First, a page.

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A man with arthralgias and skin lesions

Published:January 28, 2021DOI:https://doi.org/10.1016/j.ejim.2021.01.007

      1. Introduction

      A healthy 43-year-old man presented to the Emergency Department with a one-week history of fever, low back pain and arthralgias mainly localized in the right knee. Physical examination revealed painful swelling of the left hand and lower limb (Fig. 1A), non-tender haemorrhagic macular lesions on the soles (Fig. 1B) and signs of right knee arthritis (Fig. 1C). Laboratory tests showed aspecific neutrophilic leukocytosis. A computed tomography of the lumbar region demonstrated a paravertebral mass located at L4-L5 level, which was consistent with spondylodiscitis associated with soft tissue involvement. CT-guided needle aspiration of the paravertebral mass (Fig. 2A) and right knee arthrocentesis were performed, in both cases removing purulent fluid (Fig. 2B).
      Fig 1
      Fig. 1(A) Painful swelling of the left hand. (B) Non-tender haemorrhagic macular lesions on the soles. (C) Left knee swelling.
      Fig 2
      Fig. 2(A) CT-guided needle aspiration of paravertebral mass. (B) Purulent fluid removed from knee joint.
      What is the diagnosis?

      2. Diagnosis

      Staphylococcus aureus community-acquired bacteremia

      3. Discussion

      Cultures of both paravertebral and knee joint fluid, as well as blood cultures, showed methicillin-sensitive Staphylococcus aureus (MSSA). A transesophageal echocardiography was performed in order to rule out infective endocarditis, revealing normal valvular patterns and no vegetations. No identifiable external sources of bacteremia were found. Treatment with oxacillin was started and the patient was transferred to the Infectious Diseases department.
      Staphylococcus aureus is a common cause of community-acquired bacteremia. Bacteremia may be consequent to a local focus of infection, but in about one-third of patients no initial source is identified [
      • Mitchell D.H.
      • Howden B.P.
      Diagnosis and management of Staphylococcus aureus bacteraemia.
      ].
      Patients with community-acquired bacteremia have an increased risk for metastatic seeding with respect to hospital-acquired bacteremia [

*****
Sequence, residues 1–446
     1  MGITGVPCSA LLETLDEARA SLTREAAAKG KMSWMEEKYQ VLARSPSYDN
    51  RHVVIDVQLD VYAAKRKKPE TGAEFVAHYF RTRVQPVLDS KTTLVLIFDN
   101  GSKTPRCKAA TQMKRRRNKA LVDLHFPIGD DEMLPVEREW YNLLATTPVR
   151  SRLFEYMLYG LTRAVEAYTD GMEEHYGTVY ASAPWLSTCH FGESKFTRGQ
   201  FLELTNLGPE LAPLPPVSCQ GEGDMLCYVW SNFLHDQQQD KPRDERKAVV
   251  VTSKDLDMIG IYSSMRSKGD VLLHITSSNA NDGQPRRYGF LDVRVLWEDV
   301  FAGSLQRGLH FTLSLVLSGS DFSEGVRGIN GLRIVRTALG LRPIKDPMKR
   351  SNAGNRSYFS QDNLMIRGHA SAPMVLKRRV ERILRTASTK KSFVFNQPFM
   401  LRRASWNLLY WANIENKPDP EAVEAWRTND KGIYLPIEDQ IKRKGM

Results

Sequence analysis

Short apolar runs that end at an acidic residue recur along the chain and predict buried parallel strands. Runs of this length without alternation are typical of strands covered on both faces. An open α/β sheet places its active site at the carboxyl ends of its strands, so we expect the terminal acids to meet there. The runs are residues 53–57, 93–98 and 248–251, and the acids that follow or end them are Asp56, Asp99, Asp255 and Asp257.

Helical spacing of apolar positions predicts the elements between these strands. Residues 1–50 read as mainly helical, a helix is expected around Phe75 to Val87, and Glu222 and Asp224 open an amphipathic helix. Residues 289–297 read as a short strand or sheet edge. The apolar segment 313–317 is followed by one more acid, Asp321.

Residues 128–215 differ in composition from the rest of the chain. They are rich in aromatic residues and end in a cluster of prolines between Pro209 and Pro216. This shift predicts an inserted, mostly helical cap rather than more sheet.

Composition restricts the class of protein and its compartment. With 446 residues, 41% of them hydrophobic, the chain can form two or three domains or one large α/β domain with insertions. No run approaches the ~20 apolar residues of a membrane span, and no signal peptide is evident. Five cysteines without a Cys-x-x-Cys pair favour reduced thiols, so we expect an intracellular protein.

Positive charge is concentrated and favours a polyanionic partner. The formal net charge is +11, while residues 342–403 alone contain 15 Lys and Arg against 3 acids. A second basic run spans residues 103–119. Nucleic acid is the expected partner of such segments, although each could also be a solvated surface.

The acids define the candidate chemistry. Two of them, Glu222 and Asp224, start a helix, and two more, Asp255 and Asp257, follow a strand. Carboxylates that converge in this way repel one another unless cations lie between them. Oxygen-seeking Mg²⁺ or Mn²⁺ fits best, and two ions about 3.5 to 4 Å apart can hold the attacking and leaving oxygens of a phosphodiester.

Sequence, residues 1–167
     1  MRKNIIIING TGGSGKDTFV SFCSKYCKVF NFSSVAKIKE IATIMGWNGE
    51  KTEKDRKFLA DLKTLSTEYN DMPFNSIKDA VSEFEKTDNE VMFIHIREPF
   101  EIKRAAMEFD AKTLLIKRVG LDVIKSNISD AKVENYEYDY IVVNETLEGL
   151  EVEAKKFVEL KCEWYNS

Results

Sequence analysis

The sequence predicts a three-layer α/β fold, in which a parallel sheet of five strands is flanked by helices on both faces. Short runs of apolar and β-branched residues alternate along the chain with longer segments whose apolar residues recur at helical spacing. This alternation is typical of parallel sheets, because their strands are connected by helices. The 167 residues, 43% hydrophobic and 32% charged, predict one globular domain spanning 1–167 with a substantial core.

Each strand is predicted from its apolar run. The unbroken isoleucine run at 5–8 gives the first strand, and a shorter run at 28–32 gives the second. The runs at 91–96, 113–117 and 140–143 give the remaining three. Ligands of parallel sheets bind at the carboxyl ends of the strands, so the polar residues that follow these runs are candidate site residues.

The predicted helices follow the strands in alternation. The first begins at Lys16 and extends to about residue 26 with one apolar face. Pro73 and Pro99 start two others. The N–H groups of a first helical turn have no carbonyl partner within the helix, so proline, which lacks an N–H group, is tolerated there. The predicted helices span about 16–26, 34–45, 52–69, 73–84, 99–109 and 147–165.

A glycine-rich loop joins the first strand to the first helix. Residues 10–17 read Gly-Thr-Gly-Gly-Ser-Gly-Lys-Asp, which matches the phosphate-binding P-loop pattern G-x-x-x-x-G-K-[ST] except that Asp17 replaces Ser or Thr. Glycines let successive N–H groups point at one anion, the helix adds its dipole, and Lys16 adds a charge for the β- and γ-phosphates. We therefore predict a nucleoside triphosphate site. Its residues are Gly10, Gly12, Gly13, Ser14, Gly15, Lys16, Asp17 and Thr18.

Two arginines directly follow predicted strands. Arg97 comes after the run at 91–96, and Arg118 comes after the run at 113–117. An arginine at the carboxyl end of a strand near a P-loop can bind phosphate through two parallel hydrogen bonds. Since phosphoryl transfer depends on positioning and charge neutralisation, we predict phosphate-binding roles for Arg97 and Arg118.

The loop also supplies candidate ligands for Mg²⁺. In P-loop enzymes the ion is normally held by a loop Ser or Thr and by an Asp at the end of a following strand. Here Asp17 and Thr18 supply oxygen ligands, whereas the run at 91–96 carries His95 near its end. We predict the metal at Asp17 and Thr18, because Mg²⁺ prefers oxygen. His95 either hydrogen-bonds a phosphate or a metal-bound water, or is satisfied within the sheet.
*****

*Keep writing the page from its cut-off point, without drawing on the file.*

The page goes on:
• Lautenschlager S.
      • Herzog C.
      • Zimmerli W.
      Course and outcome of bacteremia due to Staphylococcus aureus: evaluation of different clinical case definitions.
      ]. Metastatic infections are common and may involve virtually any body site. Osteomyelitis commonly affects the vertebral column. Septic arthritis usually affects a single joint and knee appears to be the most common site. Skin manifestations of bacteremia include splinter haemorrhages, subcutaneous nodules (the so-called Osler's nodes) and palmar or solar haemorrhagic lesions (also known as Janeway's lesions) [
      • Mylonakis E.
      • Calderwood S.B.
      Infective endocarditis in adults.
      ]. Staphylococcal bacteremia is a major risk factor for infective endocarditis, especially in patients with abnormal or prosthetic valves; echocardiography is required in all patients in order to rule it out.
      Metastatic infections are critical complications, since they influence the optimal duration of antimicrobial treatment, the prognosis and the possible relapse. There are two key principles guiding the therapeutic strategy: first, identification and removal of all infective foci as soon as possible; second, a targeted antimicrobial therapy that should be long-lasting in patients with persistent bacteremia or with irremovable sources of infection [
      • Thwaites G.E.
      • Edgeworth J.D.
      • Gkrania-Klotsas E.
      • et al.
      Clinical management of Staphylococcus aureus bacteraemia.
      ].

      Declaration of Competing Interest

      The authors declare that they have no known competing financial interests or personal relationships that could have appeared to influence the work reported in this paper.

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